Author Topic: Any way of knowing if my high meats gone bad?  (Read 8558 times)

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Offline Josh

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Any way of knowing if my high meats gone bad?
« on: July 12, 2009, 12:22:53 am »
Hi. Got some high meat on the go, and I didn't change the air for 3-4 days. Is there any way of knowing if it's gone anaerobic on me...i.e. gone bad in the wrong way. It doesn't smell like aged meat, it's a much nastier pong...but maybe that's normal.

Offline TylerDurden

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Re: Any way of knowing if my high meats gone bad?
« Reply #1 on: July 15, 2009, 03:33:45 pm »
Hi. Got some high meat on the go, and I didn't change the air for 3-4 days. Is there any way of knowing if it's gone anaerobic on me...i.e. gone bad in the wrong way. It doesn't smell like aged meat, it's a much nastier pong...but maybe that's normal.

If it doesn't taste like normal high meat, ditch it. I found that the taste of "off" high meat was sort of nasty and chemical-like whereas the normal high meat I was used to was fine.(Though I still only like aged kidneys or aged heart, IMO)
"During the last campaign I knew what was happening. You know, they mocked me for my foreign policy and they laughed at my monetary policy. No more. No more.
" Ron Paul.

Offline Josh

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Re: Any way of knowing if my high meats gone bad?
« Reply #2 on: July 17, 2009, 01:36:56 am »
This is my first time with high, so don't know what to compare it to. I guess I'll ditch and start again...don't feel getting sick  ???

Offline Hannibal

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Re: Any way of knowing if my high meats gone bad?
« Reply #3 on: July 17, 2009, 03:27:55 am »
You have to air it as often as possible (once or twice a day), so that the meat will have constant access to oxygen
I've eaten very high meats with very pungent odour and taste, sometimes covered with fungus - I kept them outside the fridge for several months
and it was ok re my health
Do you blame vultures for the carcass they eat?
Livin' off the raw grass fat of the land

Offline Raw Rob

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Re: Any way of knowing if my high meats gone bad?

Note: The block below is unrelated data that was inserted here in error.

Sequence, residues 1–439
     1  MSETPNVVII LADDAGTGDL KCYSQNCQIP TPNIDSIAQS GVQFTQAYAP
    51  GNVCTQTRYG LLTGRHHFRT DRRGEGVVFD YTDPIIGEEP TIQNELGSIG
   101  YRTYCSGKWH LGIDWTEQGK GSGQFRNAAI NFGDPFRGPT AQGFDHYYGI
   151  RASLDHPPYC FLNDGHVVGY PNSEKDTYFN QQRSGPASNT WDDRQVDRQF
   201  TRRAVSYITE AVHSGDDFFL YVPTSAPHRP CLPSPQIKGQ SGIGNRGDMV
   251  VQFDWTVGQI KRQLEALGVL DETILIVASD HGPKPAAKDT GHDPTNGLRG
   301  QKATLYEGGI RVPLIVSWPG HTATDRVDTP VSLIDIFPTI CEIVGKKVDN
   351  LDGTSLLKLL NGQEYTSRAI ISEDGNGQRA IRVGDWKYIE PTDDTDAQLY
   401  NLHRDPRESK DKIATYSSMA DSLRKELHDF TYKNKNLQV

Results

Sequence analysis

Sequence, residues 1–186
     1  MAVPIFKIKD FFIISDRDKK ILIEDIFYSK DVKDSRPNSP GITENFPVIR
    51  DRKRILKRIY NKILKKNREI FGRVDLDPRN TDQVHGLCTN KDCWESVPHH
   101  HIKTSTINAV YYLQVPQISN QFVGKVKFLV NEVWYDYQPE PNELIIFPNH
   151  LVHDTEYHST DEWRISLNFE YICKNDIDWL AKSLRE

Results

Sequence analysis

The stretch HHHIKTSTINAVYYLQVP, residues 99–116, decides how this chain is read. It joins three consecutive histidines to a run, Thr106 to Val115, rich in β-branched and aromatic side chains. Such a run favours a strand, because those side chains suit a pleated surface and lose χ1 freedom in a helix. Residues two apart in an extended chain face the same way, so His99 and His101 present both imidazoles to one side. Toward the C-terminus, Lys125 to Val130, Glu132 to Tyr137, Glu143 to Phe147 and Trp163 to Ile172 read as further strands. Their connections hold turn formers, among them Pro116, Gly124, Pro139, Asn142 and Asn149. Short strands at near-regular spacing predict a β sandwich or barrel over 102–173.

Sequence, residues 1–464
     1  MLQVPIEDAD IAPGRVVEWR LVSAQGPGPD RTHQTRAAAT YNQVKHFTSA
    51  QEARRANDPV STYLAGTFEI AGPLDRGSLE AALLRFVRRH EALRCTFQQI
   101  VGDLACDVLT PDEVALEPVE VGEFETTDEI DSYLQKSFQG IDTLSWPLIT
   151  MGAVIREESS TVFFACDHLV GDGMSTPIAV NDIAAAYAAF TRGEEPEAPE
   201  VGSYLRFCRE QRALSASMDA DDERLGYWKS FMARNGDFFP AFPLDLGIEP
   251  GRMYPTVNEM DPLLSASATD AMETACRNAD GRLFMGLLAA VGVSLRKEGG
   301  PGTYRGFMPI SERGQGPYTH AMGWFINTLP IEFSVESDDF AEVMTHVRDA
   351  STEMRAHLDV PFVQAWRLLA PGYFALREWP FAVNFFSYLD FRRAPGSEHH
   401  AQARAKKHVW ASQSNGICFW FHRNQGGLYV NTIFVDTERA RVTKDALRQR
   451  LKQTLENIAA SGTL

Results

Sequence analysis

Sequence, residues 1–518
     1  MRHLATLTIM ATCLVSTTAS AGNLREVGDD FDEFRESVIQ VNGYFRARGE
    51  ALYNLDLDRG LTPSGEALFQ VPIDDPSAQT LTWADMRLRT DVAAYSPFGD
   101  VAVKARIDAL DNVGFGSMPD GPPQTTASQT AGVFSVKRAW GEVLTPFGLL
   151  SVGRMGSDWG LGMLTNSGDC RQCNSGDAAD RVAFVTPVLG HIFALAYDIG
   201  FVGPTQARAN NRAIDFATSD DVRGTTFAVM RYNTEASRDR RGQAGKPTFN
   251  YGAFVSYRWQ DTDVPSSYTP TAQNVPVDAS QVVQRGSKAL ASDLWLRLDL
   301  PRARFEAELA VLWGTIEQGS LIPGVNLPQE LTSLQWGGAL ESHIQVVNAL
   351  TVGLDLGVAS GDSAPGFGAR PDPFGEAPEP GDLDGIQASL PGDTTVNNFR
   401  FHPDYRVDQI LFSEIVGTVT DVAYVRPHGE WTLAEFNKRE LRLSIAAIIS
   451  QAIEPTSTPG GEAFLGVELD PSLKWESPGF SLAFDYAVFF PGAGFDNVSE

« Reply #4 on: July 17, 2009, 06:30:38 am »
Hey Josh I'm sure it's fine.

If you didn't air it out, that's not going to hurt it. It just means you slowed down the bacterial growth. The more you air it out, the faster the bacteria will grow. That's the only reason you air it out, as far as I've understood.

Sometimes I don't air air out my high pieces of liver because they're already quite high. I've been eating them with no problems at all.


Offline TylerDurden

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Re: Any way of knowing if my high meats gone bad?
« Reply #5 on: July 21, 2009, 03:15:59 pm »
I should mention that everyone has different tastes re high meat. For example, I love high meat in the form of aged beef heart or aged tongue but can't stand the taste of high meat in the form of aged muscle-meat or aged fish or aged eggs. So try different varieties. Aklso, bear in mind that any and all high meat will taste absolutely foul on the first few tries, until you get adapted to the taste over some months. Best to get used to fresh raw meats first before trying high meats, if you haven't already done so.

1 trick newbies to high meat use is to cut it into tiny slivers and chase each sliver down with a gulp of mineral water.
"During the last campaign I knew what was happening. You know, they mocked me for my foreign policy and they laughed at my monetary policy. No more. No more.
" Ron Paul.

Offline RawZi

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Re: Any way of knowing if my high meats gone bad?
« Reply #6 on: July 21, 2009, 03:36:01 pm »
    I have eaten raw meat months old, not using salt, vinegar, nothing like that.  I was fine.  I am curious though, has anyone here ever thrown up or anything from high meat?  I never have, but I'm just wondering if the anaerobic stuff might ever bother me in the future.

    I'm pretty used to high meat.  It's kind of funny.  I opened a jar of slightly high fish recently, and when my son  -v smelled it, he feared for my health and told me to not consider eating it for that reason.  It smelled good  :P to me.
"Genuine truth angers people in general because they don't know what to do with the energy generated by a glimpse of reality." Greg W. Goodwin

Offline Kokki

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Re: Any way of knowing if my high meats gone bad?
« Reply #7 on: January 09, 2010, 07:49:10 pm »
Hmm.. I made big portions of high-meat, from moose which was numb (but not frozen) for 30min, due to extreme weather.

I noticed it didn`t last so long (fresh lasts up to 2 weeks), and the meats are almost "ready", after nine days..  ???

So, what`s the difference between (quick) normal and artifial freezing? Do you think this is safe anymore?

Thanks!

Offline PaleoPhil

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Re: Any way of knowing if my high meats gone bad?
« Reply #8 on: January 10, 2010, 12:08:56 am »